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What is posttraumatic stress disorder and how to treat it?
A traumatic experience may cause post-traumatic stress disorder (PTSD), a mental health condition. It results in unpleasant, nervous feelings. Some PTSD sufferers repeatedly replay the incident. Others steer clear of any reminders of it. PTSD affects relationships, employment, and daily life. However, even years later, medicines and counseling can be helpful.
The incident could be harmful, potentially fatal, startling, or even frightful. Some instances are:
- Military conflict
- Natural catastrophe, such as a tornado
- Violent abuse
- Rape or sexual assault
- An unexpected loss of a loved one
- Attack by terrorists
You might have personally experienced the terrible occurrence, or you might have witnessed it happen to someone else. After an event like that, it’s common to feel angry. For a period, you might struggle to get enough rest, eat, or engage in activities you find enjoyable. However, PTSD symptoms interfere with your life and last for more than a few months.
How to treat it?
Treatment for post-traumatic stress disorder might assist you in regaining control over your life. Although medicines may also be used, psychotherapy is the main form of treatment. Combining these therapies can help your symptoms go better by:
- Giving you the knowledge to deal with your symptoms
- Learning how to deal in case any symptoms recur will help you have a more positive outlook on yourself, others, and the world.
- Treating additional issues that are frequently connected to traumatic events, such as depression, anxiety, or drug or alcohol abuse.
You don’t have to make an effort to manage the effects of PTSD by yourself.
Various forms of psychotherapy, commonly known as talk therapy, can be used to treat PTSD in both adults and children. One example of a psychotherapy modality used to treat PTSD is:
This kind of talk therapy assists you in identifying the cognitive patterns (ways of thinking) that are holding you immobilized, such as unfavorable self-perceptions and the possibility of traumatic events reoccurring. Cognitive therapy is frequently used with exposure therapy for PTSD.
This behavioral therapy supports you in securely confronting memories and events that make you feel uncomfortable so you can develop appropriate coping mechanisms. Flashbacks and nightmares may respond particularly well to exposure therapy. One method involves using virtual reality applications that let you return to the scene of your trauma.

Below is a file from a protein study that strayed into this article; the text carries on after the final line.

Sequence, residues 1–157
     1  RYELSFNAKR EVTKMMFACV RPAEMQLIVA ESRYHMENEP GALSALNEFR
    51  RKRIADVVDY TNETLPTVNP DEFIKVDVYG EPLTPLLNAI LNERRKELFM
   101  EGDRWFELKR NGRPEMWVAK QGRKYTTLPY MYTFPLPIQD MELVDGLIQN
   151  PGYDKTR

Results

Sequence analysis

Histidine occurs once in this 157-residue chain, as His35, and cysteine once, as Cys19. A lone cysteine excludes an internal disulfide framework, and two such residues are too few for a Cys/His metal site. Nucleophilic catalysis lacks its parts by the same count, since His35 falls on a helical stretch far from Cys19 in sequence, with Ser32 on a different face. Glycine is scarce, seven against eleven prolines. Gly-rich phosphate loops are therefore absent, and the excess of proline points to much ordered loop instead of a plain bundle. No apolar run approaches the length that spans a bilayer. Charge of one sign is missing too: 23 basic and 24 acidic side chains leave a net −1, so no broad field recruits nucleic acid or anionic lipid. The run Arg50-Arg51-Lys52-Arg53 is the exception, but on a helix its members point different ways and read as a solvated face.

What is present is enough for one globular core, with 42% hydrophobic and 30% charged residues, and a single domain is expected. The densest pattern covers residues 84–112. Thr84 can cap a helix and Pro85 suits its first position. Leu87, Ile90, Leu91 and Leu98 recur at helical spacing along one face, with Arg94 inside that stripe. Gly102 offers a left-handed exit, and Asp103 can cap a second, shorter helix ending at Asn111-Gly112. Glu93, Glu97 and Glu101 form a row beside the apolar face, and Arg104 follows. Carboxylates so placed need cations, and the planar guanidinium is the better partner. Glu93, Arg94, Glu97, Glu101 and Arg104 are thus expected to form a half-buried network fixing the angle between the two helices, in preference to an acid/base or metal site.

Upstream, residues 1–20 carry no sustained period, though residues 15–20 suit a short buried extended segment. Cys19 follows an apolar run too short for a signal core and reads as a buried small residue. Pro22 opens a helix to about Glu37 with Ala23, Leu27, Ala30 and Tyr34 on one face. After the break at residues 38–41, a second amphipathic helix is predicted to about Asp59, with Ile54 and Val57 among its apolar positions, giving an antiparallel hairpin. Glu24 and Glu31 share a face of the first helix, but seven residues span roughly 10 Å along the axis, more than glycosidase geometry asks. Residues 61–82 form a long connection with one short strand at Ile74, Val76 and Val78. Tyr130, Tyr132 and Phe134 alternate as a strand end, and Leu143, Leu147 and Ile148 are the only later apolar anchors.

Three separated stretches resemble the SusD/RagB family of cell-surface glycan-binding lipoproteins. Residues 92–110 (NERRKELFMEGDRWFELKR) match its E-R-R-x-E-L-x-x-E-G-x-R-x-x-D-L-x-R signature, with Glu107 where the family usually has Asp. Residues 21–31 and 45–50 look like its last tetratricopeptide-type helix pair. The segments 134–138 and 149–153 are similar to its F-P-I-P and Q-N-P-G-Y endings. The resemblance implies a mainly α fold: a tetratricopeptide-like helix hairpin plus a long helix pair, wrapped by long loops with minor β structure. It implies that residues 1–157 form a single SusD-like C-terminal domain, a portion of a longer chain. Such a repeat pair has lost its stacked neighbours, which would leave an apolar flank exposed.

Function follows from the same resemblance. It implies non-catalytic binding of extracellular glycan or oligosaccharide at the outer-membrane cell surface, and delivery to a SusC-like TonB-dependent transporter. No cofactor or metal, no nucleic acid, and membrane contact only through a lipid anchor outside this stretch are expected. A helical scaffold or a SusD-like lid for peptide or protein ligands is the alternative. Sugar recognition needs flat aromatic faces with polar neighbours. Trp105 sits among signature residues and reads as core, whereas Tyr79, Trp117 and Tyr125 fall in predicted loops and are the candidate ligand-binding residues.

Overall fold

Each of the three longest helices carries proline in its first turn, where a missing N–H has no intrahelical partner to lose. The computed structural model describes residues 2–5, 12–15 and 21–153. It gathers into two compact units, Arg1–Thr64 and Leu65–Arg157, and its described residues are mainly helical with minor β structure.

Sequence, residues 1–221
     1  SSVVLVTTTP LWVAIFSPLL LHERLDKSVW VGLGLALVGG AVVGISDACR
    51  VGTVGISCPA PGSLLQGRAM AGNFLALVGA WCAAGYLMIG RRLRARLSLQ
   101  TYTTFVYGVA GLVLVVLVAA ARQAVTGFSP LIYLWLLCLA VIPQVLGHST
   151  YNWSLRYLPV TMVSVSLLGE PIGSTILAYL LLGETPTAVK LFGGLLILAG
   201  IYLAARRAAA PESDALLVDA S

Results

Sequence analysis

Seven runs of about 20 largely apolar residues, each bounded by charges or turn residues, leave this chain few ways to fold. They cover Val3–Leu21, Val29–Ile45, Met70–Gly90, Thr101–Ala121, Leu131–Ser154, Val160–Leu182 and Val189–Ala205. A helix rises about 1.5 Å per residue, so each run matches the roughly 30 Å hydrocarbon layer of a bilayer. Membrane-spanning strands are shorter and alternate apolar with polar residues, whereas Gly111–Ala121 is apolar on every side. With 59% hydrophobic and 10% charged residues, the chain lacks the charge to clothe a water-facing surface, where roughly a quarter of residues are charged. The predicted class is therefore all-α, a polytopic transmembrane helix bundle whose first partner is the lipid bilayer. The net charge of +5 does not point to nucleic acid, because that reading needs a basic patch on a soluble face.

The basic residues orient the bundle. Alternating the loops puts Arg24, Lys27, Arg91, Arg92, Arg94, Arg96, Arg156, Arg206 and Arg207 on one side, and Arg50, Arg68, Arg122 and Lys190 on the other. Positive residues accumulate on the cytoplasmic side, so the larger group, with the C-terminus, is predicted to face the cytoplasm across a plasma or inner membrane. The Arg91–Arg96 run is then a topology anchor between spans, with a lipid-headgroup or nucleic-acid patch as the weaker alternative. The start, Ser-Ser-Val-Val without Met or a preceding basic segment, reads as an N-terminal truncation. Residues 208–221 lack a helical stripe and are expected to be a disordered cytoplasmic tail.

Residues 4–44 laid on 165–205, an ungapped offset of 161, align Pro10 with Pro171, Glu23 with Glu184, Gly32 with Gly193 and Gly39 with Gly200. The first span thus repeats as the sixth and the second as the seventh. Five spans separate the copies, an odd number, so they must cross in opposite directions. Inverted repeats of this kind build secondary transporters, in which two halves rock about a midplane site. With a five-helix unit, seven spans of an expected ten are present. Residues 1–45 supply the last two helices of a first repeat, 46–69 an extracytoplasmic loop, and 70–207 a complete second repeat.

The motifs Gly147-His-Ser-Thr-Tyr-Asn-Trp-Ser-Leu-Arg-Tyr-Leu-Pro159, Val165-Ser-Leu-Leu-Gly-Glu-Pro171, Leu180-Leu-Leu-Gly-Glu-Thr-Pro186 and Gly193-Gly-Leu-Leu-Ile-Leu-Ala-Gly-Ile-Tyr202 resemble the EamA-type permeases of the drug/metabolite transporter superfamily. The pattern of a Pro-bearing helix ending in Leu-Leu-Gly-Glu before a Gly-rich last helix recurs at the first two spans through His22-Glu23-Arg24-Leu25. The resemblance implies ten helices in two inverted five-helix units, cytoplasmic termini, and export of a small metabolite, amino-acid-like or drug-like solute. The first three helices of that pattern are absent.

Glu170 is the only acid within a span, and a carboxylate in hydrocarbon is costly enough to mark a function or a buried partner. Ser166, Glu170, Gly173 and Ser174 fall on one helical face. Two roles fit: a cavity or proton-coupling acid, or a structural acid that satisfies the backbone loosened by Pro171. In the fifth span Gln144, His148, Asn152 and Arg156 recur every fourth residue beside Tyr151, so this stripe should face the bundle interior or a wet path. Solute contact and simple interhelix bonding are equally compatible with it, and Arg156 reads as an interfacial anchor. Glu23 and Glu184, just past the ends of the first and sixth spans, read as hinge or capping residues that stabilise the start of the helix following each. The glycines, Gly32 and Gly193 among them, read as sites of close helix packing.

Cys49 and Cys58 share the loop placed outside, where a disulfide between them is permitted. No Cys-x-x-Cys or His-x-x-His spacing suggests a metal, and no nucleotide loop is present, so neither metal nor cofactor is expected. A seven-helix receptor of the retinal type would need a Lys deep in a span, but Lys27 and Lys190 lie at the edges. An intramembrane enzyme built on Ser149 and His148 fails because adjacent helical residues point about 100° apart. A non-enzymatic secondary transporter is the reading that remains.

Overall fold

Desensitization and reprocessing of eye movement (EMDR)
You can process painful memories and alter how you respond to them with the use of EMDR, which combines exposure therapy and a series of guided eye movements.
Your therapist can assist you in learning stress management techniques so that you can deal with stress in your life more effectively.
Several different kinds of drugs can aid in reducing PTSD symptoms:
These drugs can help with anxiety and depression symptoms. They can also aid in enhancing attention and sleep issues. The Food and Drug Administration (FDA) has granted SSRI approval for the treatment of PTSD for the drugs paroxetine (Paxil) and sertraline (Zoloft).
Medicine to treat anxiety
These medications can treat severe anxiety and its related issues. Since some anti-anxiety drugs have the potential for abuse, they are often only taken temporarily.
A more recent study found no advantage over placebo, despite multiple studies suggesting that prazosin (Minipress) may lessen or suppress nightmares in some PTSD sufferers. But the new study’s participants were unique in ways that might have affected the outcomes. If someone is thinking about using prazosin, they should consult a medical professional to see if their specific circumstances would justify trying the medication.
Together, you and your doctor may choose the drug that will treat your symptoms and situation the best and have the fewest adverse effects. Within a few weeks, your mood and other symptoms may start to improve.
The sign and symptoms of ptsd
The signs of PTSD differ from individual to person. However, all PTSD sufferers encounter one or more of the following:
You might stay away from those who or things that bring up the incident. Examples include acquaintances you made while serving in the military, the neighborhood where the tragedy occurred, or crowds in general. Some PTSD sufferers try to keep themselves occupied in order to avoid thinking about the incident.
You may find it difficult to unwind or enjoy the things you formerly did due to the disease. You can have jitters or worry. You can be quickly shocked or prone to assuming the worst. You can also have a hard time focusing or falling asleep.
Getting negative feelings and thoughts
PTSD can leave you feeling down, hostile, enraged, unhappy, untrusting, guilty, or numb.
Reliving or going through the traumatic incident again
Flashbacks or dreams may appear as a result. Perhaps an unpleasant memory will suddenly spring to mind when you hear a car backfire or see something comparable (like a fire).
10 Effective Natural Remedies to Deal With ptsd
In general, it is safe to combine natural treatments with more traditional medical treatments. Below are some natural remedies:
- Relaxing activities
- Herbal supplements
- Deep Inhalation
- Social Support
- Herbal teas
- Cannabidiol oil
Long after a traumatic experience, PTSD is a mental health condition that persists. It could give you a bad and uneasy feeling. It could also make you want to avoid particular situations or relive the incident. Speak with a healthcare professional if you have PTSD symptoms. Medication and particular types of counselling may be beneficial. Seek assistance right away if you think you might damage yourself or someone else.